The European Union has brushed off a call from the Polish president for a Europe-wide debate on reinstating the death penalty.
Lech Kaczynski advocates traditional Catholic values
"The death penalty is not compatible with European values," European Commission spokesman Steffan de Rynck told reporters.
Last Friday, Polish President Lech Kaczynski urged the organisation to review its policy on the issue.
The abolition of the death penalty is one of the conditions of EU membership.
Mr Kaczynski said countries which had abandoned capital punishment had "given an unimaginable advantage to the perpetrator over the victim".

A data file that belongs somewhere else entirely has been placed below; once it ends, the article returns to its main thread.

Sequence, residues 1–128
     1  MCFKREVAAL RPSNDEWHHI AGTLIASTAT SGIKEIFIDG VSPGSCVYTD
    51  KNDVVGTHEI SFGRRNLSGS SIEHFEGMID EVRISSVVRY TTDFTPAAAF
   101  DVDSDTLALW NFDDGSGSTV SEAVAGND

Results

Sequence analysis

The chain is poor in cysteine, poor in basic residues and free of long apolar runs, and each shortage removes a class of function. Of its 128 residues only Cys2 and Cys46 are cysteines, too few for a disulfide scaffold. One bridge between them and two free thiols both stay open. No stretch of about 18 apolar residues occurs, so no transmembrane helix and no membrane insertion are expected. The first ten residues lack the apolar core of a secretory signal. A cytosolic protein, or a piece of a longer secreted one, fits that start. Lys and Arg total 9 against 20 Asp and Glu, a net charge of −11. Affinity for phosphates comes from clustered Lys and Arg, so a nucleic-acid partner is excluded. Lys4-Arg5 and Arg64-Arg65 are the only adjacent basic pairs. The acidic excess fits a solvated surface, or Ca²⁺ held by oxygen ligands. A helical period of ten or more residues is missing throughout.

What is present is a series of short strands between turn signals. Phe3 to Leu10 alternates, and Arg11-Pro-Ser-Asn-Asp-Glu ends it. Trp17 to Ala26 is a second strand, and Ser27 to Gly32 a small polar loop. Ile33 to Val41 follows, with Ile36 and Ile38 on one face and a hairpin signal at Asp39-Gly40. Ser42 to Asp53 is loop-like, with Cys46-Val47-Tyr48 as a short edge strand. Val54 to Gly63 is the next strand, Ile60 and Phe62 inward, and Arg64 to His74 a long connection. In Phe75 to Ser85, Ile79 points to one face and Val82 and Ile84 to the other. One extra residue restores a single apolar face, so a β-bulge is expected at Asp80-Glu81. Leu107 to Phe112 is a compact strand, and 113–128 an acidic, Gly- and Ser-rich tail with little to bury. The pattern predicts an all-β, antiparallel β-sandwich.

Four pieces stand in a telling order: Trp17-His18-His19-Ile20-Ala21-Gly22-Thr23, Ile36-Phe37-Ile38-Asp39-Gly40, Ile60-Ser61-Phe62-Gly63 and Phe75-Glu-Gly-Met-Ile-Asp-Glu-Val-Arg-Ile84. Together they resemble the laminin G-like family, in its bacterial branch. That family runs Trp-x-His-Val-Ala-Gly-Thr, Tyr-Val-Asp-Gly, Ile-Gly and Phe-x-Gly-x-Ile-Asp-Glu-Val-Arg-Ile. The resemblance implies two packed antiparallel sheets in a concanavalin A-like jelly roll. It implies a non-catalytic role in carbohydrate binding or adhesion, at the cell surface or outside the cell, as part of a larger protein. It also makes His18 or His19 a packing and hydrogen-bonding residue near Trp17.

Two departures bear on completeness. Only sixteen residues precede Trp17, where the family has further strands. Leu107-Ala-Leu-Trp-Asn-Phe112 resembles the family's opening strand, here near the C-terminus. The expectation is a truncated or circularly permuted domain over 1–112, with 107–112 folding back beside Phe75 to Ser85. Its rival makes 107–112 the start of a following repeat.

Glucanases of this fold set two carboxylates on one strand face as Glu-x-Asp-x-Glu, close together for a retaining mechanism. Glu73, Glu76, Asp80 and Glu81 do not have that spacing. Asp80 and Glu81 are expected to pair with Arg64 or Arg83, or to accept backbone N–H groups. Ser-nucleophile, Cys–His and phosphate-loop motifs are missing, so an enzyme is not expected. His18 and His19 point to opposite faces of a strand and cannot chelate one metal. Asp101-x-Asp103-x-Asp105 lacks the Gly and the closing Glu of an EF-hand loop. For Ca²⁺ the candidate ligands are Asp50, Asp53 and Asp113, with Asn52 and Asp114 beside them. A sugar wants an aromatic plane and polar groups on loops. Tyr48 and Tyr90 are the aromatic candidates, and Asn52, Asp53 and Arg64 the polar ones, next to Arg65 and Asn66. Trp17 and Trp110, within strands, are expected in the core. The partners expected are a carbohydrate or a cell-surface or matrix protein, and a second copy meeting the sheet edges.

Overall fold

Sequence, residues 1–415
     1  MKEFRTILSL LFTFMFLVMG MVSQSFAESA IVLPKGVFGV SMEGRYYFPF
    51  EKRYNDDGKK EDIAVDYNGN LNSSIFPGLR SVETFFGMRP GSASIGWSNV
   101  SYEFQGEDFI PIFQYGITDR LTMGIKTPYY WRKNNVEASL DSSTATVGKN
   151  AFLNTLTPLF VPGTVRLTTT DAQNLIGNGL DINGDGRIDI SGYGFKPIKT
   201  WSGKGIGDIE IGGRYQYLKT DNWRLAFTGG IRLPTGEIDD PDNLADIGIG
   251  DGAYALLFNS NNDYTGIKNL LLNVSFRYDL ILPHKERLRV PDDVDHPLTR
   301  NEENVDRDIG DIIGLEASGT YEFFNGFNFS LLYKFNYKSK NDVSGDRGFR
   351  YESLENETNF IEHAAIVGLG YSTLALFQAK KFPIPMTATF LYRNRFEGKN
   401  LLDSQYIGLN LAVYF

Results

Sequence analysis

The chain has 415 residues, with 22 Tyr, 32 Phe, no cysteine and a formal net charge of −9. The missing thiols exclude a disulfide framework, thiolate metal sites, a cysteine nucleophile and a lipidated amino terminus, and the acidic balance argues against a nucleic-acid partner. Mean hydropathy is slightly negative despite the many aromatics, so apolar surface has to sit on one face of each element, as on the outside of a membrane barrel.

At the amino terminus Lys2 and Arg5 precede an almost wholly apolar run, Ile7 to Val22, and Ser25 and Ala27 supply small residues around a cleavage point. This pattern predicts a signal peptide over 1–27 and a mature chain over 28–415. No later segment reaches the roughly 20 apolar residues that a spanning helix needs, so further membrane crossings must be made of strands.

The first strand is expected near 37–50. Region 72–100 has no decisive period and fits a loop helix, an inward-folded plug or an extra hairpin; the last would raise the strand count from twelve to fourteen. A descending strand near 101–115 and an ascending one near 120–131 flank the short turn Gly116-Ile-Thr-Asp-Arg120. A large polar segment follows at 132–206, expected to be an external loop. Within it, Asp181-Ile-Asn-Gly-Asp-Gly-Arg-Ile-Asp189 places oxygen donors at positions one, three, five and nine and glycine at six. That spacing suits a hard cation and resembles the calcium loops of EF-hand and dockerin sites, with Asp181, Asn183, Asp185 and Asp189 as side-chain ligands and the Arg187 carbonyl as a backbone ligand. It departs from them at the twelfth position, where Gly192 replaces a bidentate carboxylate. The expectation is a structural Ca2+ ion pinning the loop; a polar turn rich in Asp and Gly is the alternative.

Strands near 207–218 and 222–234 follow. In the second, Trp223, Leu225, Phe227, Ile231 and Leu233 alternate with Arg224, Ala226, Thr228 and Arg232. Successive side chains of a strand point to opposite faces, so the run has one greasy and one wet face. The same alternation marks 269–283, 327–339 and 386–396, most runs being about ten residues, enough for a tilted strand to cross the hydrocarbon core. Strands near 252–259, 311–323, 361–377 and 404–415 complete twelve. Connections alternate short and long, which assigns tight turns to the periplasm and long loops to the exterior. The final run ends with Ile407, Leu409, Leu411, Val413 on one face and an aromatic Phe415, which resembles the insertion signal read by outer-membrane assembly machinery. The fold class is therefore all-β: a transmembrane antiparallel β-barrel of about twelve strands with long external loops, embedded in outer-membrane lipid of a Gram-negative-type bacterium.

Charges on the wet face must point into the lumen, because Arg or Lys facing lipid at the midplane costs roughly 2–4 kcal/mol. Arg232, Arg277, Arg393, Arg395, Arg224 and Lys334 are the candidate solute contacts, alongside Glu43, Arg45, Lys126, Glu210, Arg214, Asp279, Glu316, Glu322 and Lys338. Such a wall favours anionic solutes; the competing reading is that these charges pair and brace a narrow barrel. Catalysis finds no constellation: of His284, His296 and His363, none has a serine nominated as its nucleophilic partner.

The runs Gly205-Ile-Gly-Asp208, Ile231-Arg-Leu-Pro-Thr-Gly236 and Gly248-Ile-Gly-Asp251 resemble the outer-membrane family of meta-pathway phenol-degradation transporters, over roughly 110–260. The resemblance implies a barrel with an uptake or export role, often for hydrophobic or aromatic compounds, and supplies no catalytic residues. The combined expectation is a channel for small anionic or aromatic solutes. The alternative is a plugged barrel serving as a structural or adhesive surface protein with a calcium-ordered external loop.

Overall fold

It was "the advantage of life over death", he told Polish public radio.
Call for a review
Most Western European countries abandoned the death penalty in the 1960s while Eastern European states did so in the 1990s.
Poland abolished capital punishment in 1997, following a moratorium on executions imposed in 1988.
Mr Kaczynski called for a review of that policy.
"European civilisation has roads that lead us into the future, but it also has blind alleys - and this is one of them," he said.
Meanwhile, the League of Polish Families, a nationalist minority party in Poland's governing coalition, launched a campaign for a partial restoration of the death penalty.
"We want to collect half-a-million signatures of EU citizens on a petition demanding the death penalty for paedophile murderers," the vice-president of the party, Wojciech Wierzejski, told the Polish newspaper Rzeczpospolita.